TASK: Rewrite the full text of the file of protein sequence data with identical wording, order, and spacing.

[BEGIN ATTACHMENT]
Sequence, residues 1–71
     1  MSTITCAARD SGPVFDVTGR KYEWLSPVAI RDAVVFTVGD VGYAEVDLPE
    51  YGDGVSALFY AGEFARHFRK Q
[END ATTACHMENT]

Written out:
Sequence, residues 1–71
     1  MSTITCAARD SGPVFDVTGR KYEWLSPVAI RDAVVFTVGD VGYAEVDLPE
    51  YGDGVSALFY AGEFARHFRK Q